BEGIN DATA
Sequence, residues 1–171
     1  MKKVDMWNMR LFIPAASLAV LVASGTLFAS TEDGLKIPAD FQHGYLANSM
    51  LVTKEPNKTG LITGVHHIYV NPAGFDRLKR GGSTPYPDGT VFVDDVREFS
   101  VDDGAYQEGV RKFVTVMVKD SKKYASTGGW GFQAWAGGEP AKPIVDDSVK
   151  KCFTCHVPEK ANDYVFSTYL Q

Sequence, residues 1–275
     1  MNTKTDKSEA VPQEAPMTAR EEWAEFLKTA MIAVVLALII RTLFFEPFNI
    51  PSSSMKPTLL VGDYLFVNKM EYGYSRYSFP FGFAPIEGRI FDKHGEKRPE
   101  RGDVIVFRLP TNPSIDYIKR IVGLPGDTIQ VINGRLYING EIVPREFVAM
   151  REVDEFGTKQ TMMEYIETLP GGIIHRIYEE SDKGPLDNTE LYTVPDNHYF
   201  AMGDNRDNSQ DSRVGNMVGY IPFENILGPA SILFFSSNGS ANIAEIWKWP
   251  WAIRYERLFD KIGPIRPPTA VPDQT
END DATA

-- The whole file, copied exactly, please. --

Sequence, residues 1–171
     1  MKKVDMWNMR LFIPAASLAV LVASGTLFAS TEDGLKIPAD FQHGYLANSM
    51  LVTKEPNKTG LITGVHHIYV NPAGFDRLKR GGSTPYPDGT VFVDDVREFS
   101  VDDGAYQEGV RKFVTVMVKD SKKYASTGGW GFQAWAGGEP AKPIVDDSVK
   151  KCFTCHVPEK ANDYVFSTYL Q

Sequence, residues 1–275
     1  MNTKTDKSEA VPQEAPMTAR EEWAEFLKTA MIAVVLALII RTLFFEPFNI
    51  PSSSMKPTLL VGDYLFVNKM EYGYSRYSFP FGFAPIEGRI FDKHGEKRPE
   101  RGDVIVFRLP TNPSIDYIKR IVGLPGDTIQ VINGRLYING EIVPREFVAM
   151  REVDEFGTKQ TMMEYIETLP GGIIHRIYEE SDKGPLDNTE LYTVPDNHYF
   201  AMGDNRDNSQ DSRVGNMVGY IPFENILGPA SILFFSSNGS ANIAEIWKWP
   251  WAIRYERLFD KIGPIRPPTA VPDQT